How to Be a Sinner by Bouteneff Peter

How to Be a Sinner by Bouteneff Peter

Author:Bouteneff, Peter [Bouteneff, Peter]
Language: eng
Format: epub
Publisher: St Vladimirs Seminary Pr
Published: 2018-03-29T16:00:00+00:00

Doing vs. Being

Some—including many psychologists—analyze guilt as a feeling about something that I have done, while shame is a feeling about something that I am. (“I did something bad,” vs. “I am bad”).

Within this distinction, guilt concerns things that are within your control to change or redirect. You can therefore acknowledge it, confess it, and take responsibility for it. You may be able to make reparations. And you can repent of it, working to reorient yourself in order not to repeat the problem behavior. It’s therefore possible to be rid of the deed, so that the feelings around it no longer need to haunt you.

Shame, on the other hand, being about what you are, is outside your control. You can be ashamed of your height, your skin color, your social class. There’s little or nothing to be done about these, so that feelings of shame are pointless and always to be avoided. The only way shame can be useful is if it is converted into guilt, in other words, into something that can indeed be changed, dealt with, and expunged.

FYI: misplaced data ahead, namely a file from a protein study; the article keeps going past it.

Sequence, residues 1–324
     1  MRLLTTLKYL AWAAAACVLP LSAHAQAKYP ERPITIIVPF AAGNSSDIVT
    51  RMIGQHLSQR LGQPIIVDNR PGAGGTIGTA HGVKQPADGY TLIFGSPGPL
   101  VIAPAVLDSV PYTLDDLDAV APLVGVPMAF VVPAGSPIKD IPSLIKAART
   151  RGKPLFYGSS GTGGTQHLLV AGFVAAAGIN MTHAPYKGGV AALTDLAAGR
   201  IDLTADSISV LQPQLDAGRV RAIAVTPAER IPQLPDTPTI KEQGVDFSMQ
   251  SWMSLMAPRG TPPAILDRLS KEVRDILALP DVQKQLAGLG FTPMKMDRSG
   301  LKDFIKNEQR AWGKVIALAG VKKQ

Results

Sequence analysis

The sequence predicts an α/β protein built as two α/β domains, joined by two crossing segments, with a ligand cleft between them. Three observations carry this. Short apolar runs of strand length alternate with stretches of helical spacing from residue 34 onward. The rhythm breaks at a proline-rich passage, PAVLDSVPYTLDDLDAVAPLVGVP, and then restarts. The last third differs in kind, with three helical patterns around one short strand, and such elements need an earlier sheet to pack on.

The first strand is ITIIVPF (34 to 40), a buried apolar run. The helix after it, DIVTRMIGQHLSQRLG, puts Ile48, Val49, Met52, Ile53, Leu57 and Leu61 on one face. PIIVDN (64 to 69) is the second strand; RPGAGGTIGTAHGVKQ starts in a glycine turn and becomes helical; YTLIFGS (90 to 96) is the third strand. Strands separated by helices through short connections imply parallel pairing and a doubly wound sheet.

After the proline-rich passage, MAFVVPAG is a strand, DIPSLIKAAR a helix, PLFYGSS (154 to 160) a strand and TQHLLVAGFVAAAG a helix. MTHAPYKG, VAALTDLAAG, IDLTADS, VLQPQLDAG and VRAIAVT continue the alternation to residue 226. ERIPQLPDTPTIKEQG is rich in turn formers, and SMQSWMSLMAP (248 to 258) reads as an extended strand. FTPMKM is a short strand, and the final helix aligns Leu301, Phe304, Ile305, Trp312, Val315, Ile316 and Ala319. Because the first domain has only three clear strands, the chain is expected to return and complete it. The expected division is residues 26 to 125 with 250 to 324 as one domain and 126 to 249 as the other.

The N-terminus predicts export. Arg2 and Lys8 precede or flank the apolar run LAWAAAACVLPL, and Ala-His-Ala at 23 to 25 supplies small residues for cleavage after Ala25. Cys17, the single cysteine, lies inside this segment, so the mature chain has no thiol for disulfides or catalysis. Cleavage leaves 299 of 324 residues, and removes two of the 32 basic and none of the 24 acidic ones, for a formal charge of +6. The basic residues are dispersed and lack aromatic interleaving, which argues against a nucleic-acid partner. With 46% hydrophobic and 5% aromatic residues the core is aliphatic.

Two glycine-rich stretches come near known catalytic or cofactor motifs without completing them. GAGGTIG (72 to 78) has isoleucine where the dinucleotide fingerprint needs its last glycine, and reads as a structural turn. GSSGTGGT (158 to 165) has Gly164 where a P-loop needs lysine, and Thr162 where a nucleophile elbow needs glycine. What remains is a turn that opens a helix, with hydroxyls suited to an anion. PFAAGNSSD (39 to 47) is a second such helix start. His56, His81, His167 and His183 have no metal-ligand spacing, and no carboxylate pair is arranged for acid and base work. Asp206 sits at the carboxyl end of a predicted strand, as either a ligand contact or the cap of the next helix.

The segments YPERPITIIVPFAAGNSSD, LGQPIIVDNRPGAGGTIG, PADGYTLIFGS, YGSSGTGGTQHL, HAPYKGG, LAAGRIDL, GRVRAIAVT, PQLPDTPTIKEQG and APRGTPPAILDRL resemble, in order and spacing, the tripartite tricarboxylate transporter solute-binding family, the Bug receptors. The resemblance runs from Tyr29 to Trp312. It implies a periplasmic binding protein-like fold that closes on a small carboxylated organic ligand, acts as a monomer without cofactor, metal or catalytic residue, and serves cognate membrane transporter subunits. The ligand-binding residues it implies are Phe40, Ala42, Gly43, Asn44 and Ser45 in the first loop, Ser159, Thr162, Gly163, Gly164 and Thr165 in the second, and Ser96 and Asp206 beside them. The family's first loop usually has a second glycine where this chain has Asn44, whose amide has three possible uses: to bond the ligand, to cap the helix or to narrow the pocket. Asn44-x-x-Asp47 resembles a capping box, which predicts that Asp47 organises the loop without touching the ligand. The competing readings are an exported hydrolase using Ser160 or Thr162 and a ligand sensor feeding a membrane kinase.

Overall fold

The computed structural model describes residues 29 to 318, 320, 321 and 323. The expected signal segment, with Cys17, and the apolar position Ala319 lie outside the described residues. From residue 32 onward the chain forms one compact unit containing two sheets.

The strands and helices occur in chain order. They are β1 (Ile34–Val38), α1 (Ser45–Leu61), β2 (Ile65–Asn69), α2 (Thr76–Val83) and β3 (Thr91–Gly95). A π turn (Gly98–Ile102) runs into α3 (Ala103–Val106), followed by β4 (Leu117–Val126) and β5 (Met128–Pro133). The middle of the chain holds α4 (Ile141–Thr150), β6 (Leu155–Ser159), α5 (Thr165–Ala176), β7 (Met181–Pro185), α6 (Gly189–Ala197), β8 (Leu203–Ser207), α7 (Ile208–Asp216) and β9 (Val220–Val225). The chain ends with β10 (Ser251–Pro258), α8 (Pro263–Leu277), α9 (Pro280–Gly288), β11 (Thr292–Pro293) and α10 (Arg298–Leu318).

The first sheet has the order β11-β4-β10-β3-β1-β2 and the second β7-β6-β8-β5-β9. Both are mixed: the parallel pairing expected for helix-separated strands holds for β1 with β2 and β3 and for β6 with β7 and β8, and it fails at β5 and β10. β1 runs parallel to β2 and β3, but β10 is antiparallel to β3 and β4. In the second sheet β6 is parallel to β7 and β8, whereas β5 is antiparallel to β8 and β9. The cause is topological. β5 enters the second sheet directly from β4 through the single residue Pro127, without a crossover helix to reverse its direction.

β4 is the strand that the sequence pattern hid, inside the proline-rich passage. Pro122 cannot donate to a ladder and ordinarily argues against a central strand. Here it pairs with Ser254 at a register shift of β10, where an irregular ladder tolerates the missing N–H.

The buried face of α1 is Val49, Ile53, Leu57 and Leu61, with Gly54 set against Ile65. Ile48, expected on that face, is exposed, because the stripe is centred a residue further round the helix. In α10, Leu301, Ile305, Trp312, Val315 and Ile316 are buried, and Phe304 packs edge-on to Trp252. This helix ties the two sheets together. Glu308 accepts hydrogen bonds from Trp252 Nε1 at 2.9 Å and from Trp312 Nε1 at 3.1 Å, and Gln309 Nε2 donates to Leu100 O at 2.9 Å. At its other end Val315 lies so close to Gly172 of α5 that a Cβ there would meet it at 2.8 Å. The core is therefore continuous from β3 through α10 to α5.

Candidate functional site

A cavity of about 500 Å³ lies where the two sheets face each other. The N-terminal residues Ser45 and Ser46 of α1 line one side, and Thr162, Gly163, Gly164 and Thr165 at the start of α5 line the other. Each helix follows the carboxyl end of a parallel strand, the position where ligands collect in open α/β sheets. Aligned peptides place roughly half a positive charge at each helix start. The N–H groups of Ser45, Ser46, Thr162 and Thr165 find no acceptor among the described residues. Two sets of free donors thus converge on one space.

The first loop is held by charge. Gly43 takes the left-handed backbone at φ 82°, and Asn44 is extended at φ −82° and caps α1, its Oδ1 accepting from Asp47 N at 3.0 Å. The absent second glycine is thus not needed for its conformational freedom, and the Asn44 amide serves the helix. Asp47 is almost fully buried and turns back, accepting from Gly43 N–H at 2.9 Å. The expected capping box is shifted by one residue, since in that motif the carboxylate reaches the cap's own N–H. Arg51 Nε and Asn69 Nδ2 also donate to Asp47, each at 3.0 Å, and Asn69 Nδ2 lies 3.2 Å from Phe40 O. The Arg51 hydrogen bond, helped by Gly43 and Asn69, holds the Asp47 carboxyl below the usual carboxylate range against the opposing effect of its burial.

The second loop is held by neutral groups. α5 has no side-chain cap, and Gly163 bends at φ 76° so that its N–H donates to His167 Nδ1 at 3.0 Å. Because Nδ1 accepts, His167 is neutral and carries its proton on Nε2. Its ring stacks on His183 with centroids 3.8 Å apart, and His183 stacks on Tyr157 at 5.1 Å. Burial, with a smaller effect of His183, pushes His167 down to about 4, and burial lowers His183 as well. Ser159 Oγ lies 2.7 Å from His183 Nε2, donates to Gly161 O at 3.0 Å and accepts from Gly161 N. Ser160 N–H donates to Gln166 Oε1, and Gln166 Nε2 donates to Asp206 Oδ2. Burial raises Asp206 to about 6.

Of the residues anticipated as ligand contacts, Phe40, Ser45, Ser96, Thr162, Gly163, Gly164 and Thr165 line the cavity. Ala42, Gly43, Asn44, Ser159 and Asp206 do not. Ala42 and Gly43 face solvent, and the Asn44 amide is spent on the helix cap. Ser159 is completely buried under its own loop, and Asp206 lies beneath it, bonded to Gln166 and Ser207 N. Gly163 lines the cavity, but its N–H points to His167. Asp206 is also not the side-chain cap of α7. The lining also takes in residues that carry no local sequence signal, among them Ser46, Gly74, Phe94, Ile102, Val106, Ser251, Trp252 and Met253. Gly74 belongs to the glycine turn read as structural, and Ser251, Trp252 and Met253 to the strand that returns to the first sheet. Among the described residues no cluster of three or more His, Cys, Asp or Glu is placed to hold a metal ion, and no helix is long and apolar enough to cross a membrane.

This way of distinguishing the two is helpful in that it encourages us to identify what we can act on and what we can’t. It directs us away from downward spirals of shame and toward reparative actions to free us from the weight of guilt. This is important and helpful.

But there is something in this distinction that rings false. For one, people don’t only feel shame for things they are, for things that they cannot help. People can be ashamed also for things they have done. If I do something wrong (cheat on my spouse, say), I feel not only guilty, but ashamed of myself. In addition, I disagree that shame plays no useful role unless it is “converted” to guilt over something you can change. Shame can be both apt and healthy. Imagine someone who wantonly and repeatedly lies, steals, bullies people, or sleeps around. People will justly ask such a person: “Have you no shame?” Because in the face of some kinds of bad behavior, “You should be ashamed of yourself!”

The Philokalia talks about “shame” mostly as a descriptive of sins—the “shameful misdeeds” we should avoid. The implication there is always that we ought to feel ashamed for such wrongs, such that “feeling no shame” is seen as a problem. “Alas, alas, for I do not feel shame before my Creator and Master!” 1 At points, though, the feeling of shame is shown to be a possible aid to acquiring humility. 2


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